Indyref2 will be held in 2018

indyref2 voteSet your diaries folks.  Scotland will have another opportunity to vote for independence in two years time.

Within hours of last Thursday’s BRexit vote Nicola Sturgeon announced that the wheels had been set in motion that would lead to indyref2.  The First Minister instructed Scottish government officials to prepare legislation for just such a ballot.

Scottish Labour and the Scottish Conservatives are of course opposed to a re-run of the 2014 vote.  Both Kezia Dugdale and Ruth Davidson have publicly attacked the idea of a second independence referendum.  However since confirming her initial opposition, the Scottish Labour leader has backtracked slightly by insisting her party will look at all options as Scotland’s EU status comes under threat.


Nicola Sturgeon has played a blinder throughout.  Her campaign was flawlessly pro-Remain.  She concentrated on making the positive case, but said just enough about the possibility of BRexit to ensure people were aware indyref2 could result.

The First Minister’s performance since BRexit became a reality has been a thing of beauty.  She has managed the feat of appealing to independence supporters and Unionists alike.  When even the Daily Record announces its support for your stance, you know you’ve squared the circle.

Her public statements and appearances across the media have enhanced Nicola Sturgeon’s already blossoming reputation.  Watch the clip below as the SNP leader adopts a stateswoman like manner and reaches out to non-SNP voters.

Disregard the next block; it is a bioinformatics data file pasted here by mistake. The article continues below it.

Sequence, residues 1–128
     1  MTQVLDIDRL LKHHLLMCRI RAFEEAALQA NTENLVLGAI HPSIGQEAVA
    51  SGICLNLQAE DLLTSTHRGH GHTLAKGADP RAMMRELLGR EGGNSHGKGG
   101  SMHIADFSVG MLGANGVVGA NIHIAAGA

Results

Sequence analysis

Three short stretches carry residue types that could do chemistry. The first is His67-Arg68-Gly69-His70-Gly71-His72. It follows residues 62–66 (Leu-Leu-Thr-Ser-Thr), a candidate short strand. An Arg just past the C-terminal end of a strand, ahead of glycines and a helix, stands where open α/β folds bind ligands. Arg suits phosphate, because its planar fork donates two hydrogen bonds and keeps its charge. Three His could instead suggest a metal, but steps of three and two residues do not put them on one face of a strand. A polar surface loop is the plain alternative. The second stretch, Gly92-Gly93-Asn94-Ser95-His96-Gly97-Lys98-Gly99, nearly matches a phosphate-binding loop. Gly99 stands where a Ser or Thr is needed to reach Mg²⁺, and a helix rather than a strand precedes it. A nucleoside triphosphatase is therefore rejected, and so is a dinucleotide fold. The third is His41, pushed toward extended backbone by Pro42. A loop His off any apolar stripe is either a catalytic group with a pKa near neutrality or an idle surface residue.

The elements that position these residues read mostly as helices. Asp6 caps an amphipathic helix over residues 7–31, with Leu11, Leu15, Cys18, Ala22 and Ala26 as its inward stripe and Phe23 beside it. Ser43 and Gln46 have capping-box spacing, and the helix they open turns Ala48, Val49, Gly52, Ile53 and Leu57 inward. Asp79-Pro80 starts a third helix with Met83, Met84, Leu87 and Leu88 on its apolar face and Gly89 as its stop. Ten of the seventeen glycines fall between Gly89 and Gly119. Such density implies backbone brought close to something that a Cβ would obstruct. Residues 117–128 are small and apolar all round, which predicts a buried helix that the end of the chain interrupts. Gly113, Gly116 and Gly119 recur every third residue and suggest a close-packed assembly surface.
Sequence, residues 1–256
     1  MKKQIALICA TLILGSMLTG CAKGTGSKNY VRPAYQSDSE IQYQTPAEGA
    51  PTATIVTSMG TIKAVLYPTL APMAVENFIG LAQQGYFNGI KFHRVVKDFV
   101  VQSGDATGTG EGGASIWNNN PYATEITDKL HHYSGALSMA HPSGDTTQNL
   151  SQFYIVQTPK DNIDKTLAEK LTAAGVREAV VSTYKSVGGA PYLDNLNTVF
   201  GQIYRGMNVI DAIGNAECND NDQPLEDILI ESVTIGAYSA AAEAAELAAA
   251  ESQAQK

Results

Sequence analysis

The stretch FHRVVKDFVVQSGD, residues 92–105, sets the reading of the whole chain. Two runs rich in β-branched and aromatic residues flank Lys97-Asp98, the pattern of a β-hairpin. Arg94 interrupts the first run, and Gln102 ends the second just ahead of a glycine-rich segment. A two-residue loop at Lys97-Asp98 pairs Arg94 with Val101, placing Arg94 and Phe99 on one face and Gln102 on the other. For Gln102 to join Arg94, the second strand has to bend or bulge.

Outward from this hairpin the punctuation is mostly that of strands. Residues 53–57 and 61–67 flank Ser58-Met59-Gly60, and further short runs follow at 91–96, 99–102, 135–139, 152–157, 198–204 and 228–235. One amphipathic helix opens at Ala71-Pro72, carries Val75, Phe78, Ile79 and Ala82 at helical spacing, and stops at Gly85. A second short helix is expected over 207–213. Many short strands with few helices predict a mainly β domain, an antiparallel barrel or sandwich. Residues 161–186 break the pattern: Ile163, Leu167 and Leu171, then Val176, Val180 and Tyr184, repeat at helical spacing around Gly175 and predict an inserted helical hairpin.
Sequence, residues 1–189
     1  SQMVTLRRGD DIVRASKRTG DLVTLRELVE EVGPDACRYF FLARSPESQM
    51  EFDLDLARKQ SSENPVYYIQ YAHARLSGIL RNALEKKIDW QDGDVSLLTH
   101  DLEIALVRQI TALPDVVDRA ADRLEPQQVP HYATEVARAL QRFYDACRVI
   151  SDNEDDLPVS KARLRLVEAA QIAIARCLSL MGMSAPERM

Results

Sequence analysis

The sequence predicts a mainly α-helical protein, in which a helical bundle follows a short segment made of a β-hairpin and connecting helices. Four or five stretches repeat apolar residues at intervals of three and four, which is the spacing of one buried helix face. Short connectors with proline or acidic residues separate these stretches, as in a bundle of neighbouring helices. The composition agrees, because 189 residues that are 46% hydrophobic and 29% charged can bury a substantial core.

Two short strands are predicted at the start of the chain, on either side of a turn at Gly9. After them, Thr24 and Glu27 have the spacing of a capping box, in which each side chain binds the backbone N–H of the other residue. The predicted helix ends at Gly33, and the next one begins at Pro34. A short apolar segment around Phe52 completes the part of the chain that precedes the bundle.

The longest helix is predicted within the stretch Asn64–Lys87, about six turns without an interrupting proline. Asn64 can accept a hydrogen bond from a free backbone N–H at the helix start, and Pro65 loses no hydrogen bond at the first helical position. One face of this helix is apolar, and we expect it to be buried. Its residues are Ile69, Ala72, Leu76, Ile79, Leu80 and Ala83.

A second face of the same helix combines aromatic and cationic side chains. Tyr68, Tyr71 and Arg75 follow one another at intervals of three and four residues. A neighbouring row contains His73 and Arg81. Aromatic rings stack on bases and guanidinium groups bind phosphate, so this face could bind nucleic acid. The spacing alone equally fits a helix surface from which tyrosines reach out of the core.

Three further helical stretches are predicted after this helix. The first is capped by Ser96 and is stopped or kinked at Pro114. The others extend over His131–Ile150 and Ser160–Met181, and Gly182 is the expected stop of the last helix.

Contrast Sturgeon’s command of the situation with the chaos that has engulfed Unionist parties at Westminster.  The Conservative government has gone into hiding.  Nobody has set eyes on George Osborne.  Labour appears more interested in using BRexit in order to mount a coup against Jeremy Corbyn than taking the battle to the Tories.

In Scotland the Deputy Leader of Scottish Labour is engaged in a spat with Labour’s only Scottish MP.  Alex Rowley has criticised Iain Murray after the latter resigned from the shadow cabinet in a move intended to wound Jeremy Corbyn.


The chips are falling well for the SNP led government.  Polling suggests that BRexit has led to increased backing for independence.  Indyref2, despite protestations from people like Ruth Davidson, is becoming normalised.  Even Scottish Lib Dem members have lobbied their party leaders to back indyref2.  Momentum is definitely with the First Minister.

But momentum will steady and excitement wane.  The Scottish Unionist establishment will regroup.  Already we have BBC Scotland trying desperately to sow seeds of confusion over a possible indyref2.  On Saturday morning a special Kaye Adams show witnessed the broadcasting of appalling misinformation and ignorance.

At one point the BBC Scotland presenter claimed a future indyref2 would have to include a question on EU membership.  In a reference to the 38% of Scottish voters who backed BRexit, Adams asked “who will speak for the 38%”.

The broadcaster has been pushing a narrative that independence after BRexit will be even more difficult than had the UK voted to remain.  The two issues being pushed are currency and borders.

But the claim is based more on desperation than any rational analysis.  Any future UK Chancellor, given the uncertainty engulfing the UK economy as a result of BRexit, is unlikely to compound the situation by playing the currency games Osborne did during indyref1.  The pound is Scotland’s currency and will be so after independence – unless the bottom falls out of sterling, in which case one of the alternatives listed by Salmond’s Fiscal Commission during indyref1 will be adopted.

border checks

Border checks are also a BBC inspired scare.  In April this year Northern Ireland secretary Theresa Villiers confirmed there would be no introduction of border guards between the Republic and Northern Ireland.

The Conservative MP told the Financial Times: “It is the clear position of the Leave campaign that we would not reintroduce border checks.”